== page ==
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Mapping investments and published outputs in norovirus research: a systematic analysis of research funded in the United States and United Kingdom during 1997–2013

Mapping investments and published outputs in norovirus research: a systematic analysis of research funded in the United States and United Kingdom during 1997–2013
Mapping investments and published outputs in norovirus research: a systematic analysis of research funded in the United States and United Kingdom during 1997–2013
Background: Norovirus accounts for a considerable portion of the global disease burden. Mapping national or international investments relating to norovirus research is limited.

Methods: We analyzed the focus and type of norovirus research funding awarded to institutions in the United States and United Kingdom during 1997–2013. Data were obtained from key public and philanthropic funders across both countries, and norovirus-related research was identified from study titles and abstracts. Included studies were further categorized by the type of scientific investigation, and awards related to vaccine, diagnostic, and therapeutic research were identified. Norovirus publication trends are also described using data from Scopus.

Results: In total, US and United Kingdom funding investment for norovirus research was £97.6 million across 349 awards; 326 awards (amount, £84.9 million) were received by US institutions, and 23 awards (£12.6 million) were received by United Kingdom institutions. Combined, £81.2 million of the funding (83.2%) was for preclinical research, and £16.4 million (16.8%) was for translational science. Investments increased from £1.7 million in 1997 to £11.8 million in 2013. Publication trends showed a consistent temporal increase from 48 in 1997 to 182 in 2013.

Conclusions: Despite increases over time, trends in US and United Kingdom funding for norovirus research clearly demonstrate insufficient translational research and limited investment in diagnostics, therapeutics, or vaccine research.
infectious disease, norovirus, norwalk, investments, bibliometrics
0022-1899
S3-S7
Head, Michael
67ce0afc-2fc3-47f4-acf2-8794d27ce69c
Fitchett, Joseph R.
1eae456d-373c-428b-a276-353f0a75822e
Lichtman, Amos B.
ea31bee5-0e1f-4e61-b815-85d265dc1ebd
Soyode, Damilola T.
78810a8f-fda0-418d-982b-340ffa7b212e
Harris, Jennifer N.
f1344ff8-07a0-45ea-80f6-1dfcf9fe8e99
Atun, Rifat
20f14d3b-facf-4079-8566-eb6d13521a34
Head, Michael
67ce0afc-2fc3-47f4-acf2-8794d27ce69c
Fitchett, Joseph R.
1eae456d-373c-428b-a276-353f0a75822e
Lichtman, Amos B.
ea31bee5-0e1f-4e61-b815-85d265dc1ebd
Soyode, Damilola T.
78810a8f-fda0-418d-982b-340ffa7b212e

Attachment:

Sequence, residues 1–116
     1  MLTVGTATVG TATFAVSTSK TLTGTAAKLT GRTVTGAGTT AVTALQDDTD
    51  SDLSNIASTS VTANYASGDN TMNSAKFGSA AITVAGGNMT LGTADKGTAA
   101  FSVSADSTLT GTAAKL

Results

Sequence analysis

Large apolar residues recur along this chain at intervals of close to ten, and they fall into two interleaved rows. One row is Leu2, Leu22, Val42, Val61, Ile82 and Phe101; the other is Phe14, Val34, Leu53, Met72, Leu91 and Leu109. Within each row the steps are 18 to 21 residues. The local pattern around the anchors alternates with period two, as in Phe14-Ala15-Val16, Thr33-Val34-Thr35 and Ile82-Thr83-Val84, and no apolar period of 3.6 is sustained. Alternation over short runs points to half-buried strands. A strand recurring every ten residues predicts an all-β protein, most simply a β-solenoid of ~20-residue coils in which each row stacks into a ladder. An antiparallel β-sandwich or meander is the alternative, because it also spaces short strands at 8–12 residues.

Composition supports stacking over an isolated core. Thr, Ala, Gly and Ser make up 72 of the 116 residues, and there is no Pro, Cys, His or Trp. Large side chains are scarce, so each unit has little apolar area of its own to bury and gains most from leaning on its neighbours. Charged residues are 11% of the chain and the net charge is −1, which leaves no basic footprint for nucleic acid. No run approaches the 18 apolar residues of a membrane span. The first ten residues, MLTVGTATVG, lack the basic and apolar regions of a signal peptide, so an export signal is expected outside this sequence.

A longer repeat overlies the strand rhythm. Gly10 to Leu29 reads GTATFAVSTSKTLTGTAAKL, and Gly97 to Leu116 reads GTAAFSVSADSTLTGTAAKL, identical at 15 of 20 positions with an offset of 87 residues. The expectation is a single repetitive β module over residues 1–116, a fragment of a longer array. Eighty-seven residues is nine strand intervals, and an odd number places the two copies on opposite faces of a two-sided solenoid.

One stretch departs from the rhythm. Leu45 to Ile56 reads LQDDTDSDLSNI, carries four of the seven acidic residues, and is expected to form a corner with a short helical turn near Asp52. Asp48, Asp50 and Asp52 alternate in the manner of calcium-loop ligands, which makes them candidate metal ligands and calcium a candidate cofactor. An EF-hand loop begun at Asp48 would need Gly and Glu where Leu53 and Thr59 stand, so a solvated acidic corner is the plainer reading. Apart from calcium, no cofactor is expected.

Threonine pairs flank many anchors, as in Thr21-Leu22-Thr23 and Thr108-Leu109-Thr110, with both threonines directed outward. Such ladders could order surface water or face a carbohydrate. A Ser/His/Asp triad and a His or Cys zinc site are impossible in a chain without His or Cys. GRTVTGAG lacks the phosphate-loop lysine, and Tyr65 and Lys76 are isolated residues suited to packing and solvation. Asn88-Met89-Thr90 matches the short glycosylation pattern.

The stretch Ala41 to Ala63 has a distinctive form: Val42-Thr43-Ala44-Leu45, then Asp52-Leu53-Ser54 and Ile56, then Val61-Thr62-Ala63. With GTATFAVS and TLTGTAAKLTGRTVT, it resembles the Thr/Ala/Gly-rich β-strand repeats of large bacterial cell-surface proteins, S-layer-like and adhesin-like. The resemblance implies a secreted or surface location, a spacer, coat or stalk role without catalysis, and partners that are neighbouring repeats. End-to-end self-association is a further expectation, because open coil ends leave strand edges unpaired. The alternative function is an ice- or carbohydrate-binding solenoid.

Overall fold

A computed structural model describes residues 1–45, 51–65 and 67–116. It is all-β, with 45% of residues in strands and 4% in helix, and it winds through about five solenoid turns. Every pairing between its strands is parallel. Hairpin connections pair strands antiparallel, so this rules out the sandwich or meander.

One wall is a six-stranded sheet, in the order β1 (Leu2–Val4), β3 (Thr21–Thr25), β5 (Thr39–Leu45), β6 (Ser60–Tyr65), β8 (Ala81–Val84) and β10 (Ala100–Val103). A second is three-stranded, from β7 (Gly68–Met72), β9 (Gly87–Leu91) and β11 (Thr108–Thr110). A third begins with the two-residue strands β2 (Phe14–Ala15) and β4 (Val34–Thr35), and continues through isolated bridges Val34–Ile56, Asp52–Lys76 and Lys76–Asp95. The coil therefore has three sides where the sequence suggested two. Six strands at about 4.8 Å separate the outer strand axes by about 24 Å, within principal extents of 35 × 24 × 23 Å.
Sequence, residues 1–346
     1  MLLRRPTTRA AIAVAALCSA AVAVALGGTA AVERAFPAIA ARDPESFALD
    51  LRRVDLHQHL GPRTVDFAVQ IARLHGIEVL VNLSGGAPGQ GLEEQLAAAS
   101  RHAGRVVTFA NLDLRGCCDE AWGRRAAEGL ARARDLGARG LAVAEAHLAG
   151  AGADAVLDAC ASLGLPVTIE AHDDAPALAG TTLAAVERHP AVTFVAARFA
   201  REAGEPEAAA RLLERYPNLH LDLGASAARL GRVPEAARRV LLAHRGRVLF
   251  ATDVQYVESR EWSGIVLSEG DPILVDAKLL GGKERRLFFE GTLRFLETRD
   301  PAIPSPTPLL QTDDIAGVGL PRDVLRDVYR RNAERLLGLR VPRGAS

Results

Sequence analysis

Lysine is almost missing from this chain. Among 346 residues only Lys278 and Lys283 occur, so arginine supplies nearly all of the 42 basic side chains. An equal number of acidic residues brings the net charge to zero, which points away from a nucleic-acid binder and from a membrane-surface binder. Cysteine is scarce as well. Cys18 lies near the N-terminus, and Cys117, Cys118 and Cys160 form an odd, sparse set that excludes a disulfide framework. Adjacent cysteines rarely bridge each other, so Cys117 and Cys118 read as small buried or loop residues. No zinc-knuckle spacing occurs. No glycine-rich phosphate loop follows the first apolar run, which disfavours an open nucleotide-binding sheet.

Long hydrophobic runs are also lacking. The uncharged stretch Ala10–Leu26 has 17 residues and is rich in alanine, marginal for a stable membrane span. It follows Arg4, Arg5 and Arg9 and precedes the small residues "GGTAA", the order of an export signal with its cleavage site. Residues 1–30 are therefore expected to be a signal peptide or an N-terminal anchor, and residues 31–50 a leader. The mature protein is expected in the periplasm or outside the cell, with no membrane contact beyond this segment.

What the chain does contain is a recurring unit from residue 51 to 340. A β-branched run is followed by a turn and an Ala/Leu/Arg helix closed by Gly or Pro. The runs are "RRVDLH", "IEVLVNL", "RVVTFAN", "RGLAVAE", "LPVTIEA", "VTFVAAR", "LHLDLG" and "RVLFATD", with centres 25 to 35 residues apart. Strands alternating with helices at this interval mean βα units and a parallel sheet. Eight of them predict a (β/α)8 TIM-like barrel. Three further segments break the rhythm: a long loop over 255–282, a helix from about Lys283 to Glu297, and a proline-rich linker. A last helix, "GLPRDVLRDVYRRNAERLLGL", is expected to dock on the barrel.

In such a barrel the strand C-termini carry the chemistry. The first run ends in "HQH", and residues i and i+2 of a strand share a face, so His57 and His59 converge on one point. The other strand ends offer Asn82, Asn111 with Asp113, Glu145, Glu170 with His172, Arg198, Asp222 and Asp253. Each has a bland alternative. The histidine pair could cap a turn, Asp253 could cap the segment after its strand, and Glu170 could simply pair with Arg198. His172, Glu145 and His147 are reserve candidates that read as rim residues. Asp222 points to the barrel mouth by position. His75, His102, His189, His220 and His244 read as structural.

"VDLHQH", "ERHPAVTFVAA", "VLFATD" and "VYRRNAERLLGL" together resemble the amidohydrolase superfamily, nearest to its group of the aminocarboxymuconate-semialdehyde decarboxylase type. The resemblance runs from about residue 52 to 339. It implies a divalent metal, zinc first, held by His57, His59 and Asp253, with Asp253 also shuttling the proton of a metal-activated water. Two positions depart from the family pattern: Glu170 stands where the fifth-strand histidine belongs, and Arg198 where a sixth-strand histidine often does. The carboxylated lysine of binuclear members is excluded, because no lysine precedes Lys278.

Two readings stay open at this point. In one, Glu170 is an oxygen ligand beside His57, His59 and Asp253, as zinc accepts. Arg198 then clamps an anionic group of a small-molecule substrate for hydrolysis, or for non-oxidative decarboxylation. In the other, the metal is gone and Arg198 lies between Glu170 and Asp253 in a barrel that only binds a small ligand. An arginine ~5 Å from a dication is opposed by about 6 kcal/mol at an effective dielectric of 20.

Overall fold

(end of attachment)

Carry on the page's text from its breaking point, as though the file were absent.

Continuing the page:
Harris, Jennifer N.
f1344ff8-07a0-45ea-80f6-1dfcf9fe8e99
Atun, Rifat
20f14d3b-facf-4079-8566-eb6d13521a34

Head, Michael, Fitchett, Joseph R., Lichtman, Amos B., Soyode, Damilola T., Harris, Jennifer N. and Atun, Rifat (2016) Mapping investments and published outputs in norovirus research: a systematic analysis of research funded in the United States and United Kingdom during 1997–2013. The Journal of Infectious Diseases, 213, supplement 1, S3-S7. (doi:10.1093/infdis/jiv366).

Record type: Article

Abstract

Background: Norovirus accounts for a considerable portion of the global disease burden. Mapping national or international investments relating to norovirus research is limited.

Methods: We analyzed the focus and type of norovirus research funding awarded to institutions in the United States and United Kingdom during 1997–2013. Data were obtained from key public and philanthropic funders across both countries, and norovirus-related research was identified from study titles and abstracts. Included studies were further categorized by the type of scientific investigation, and awards related to vaccine, diagnostic, and therapeutic research were identified. Norovirus publication trends are also described using data from Scopus.

Results: In total, US and United Kingdom funding investment for norovirus research was £97.6 million across 349 awards; 326 awards (amount, £84.9 million) were received by US institutions, and 23 awards (£12.6 million) were received by United Kingdom institutions. Combined, £81.2 million of the funding (83.2%) was for preclinical research, and £16.4 million (16.8%) was for translational science. Investments increased from £1.7 million in 1997 to £11.8 million in 2013. Publication trends showed a consistent temporal increase from 48 in 1997 to 182 in 2013.

Conclusions: Despite increases over time, trends in US and United Kingdom funding for norovirus research clearly demonstrate insufficient translational research and limited investment in diagnostics, therapeutics, or vaccine research.

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Published date: 1 February 2016
Keywords: infectious disease, norovirus, norwalk, investments, bibliometrics
Organisations: CES General, Clinical & Experimental Sciences

Identifiers

Local EPrints ID: 386490
URI: https://eprints.soton.ac.uk/id/eprint/386490
ISSN: 0022-1899
PURE UUID: 2e65c462-6bd1-4f5a-8c15-6f5670a8d06e
ORCID for Michael Head: ORCID iD orcid.org/0000-0003-1189-0531

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Date deposited: 01 Feb 2016 15:24
Last modified: 03 Dec 2019 01:33

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